16. Dorsey High School
This high school was named after Susan Miller Dorsey, the first female superintendent of the LAUSD (circa 1920). Some of its famous alumni include MLB manager Sparky Anderson, U.S. congressmembers Diane Watson and Julian Dixon (who was instrumental in building our Metro system, incidentally), The Beach Boys’ Mike Love, The Fifth Dimension’s (and Solid Gold host) Marilyn McCoo, USC and NFL wide receiver Keyshawn Johnson and California Angels DH Chili Davis, among many others.
17. Rancho Cienega Sports Complex
Located next-door to Dorsey HS is this city-run recreation center, complete with ball fields and a swim stadium. In February 2007, Senator Barack Obama made his first presidential campaign appearance in California here to a modest crowd of about 500 people.
Just a couple blocks southwest of the Expo/La Brea station is The Village Green, a 64-acre condo community (originally called Baldwin Hills Vilage) built in 1941 by architect Reginald Johnson and planner Clarence Stein. Now a National Historic Landmark, this planned residential complex with its emphasis on green and open space at the foot of the Baldwin Hills was regarded as rather innovative when constructed in World War II-era America.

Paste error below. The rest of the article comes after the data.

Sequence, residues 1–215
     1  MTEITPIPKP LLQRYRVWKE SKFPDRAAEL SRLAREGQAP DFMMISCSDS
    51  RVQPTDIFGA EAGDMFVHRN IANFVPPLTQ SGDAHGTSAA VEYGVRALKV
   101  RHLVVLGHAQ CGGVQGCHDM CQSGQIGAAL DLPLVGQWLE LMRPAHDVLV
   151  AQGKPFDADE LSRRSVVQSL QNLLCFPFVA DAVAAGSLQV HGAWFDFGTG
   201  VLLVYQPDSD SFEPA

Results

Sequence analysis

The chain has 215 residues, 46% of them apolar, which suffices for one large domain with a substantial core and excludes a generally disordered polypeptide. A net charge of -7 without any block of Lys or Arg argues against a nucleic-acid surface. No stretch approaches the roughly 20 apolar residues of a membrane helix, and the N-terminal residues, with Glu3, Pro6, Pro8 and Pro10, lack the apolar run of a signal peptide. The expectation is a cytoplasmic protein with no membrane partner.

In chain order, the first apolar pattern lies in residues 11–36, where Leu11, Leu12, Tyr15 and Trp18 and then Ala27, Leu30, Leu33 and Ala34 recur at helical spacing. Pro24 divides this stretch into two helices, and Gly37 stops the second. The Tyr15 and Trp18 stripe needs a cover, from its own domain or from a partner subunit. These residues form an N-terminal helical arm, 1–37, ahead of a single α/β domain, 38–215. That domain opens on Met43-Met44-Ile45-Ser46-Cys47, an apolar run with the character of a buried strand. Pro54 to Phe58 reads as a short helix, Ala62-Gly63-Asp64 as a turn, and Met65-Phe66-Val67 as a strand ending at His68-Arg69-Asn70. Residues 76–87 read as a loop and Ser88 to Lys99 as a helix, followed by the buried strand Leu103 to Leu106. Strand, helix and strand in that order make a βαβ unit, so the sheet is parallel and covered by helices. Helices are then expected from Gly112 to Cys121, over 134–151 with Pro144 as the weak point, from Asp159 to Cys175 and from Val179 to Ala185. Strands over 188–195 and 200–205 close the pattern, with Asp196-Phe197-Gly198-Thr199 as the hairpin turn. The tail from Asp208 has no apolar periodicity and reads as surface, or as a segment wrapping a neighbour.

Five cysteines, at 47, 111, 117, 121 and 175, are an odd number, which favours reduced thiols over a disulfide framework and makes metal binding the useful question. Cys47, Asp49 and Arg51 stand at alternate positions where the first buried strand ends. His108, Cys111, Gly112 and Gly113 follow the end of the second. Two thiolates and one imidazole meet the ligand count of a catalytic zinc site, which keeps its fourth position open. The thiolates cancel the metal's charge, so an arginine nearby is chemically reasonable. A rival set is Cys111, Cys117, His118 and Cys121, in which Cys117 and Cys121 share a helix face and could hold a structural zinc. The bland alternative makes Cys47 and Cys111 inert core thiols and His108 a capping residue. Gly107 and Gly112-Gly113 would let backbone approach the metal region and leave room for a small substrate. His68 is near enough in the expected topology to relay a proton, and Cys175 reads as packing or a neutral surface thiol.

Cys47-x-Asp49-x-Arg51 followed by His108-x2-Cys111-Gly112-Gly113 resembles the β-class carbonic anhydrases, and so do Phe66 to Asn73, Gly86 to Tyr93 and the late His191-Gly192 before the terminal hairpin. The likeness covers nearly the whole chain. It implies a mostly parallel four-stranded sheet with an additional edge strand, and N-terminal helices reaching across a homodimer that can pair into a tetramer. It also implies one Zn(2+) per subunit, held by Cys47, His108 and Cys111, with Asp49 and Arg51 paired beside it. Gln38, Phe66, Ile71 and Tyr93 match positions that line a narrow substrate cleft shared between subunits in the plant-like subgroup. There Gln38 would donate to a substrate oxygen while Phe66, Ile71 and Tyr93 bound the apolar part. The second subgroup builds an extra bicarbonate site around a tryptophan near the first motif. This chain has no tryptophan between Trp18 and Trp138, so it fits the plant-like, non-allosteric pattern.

|Normandie Bakery Cafe, a magnifique French bakery/restaurant near the La Brea station.|
Just a short five-block walk west of the La Brea station, on Jefferson and Cochran, is this seemingly random restaurant/bakery/café with outdoor dining right off of Jefferson. Run by French chef Josette LeBlond, the Militant had a pleasant experience having lunch here one day, having himself a nice sammich in the sidewalk patio. He even got a baguette to go. You need to check this place out!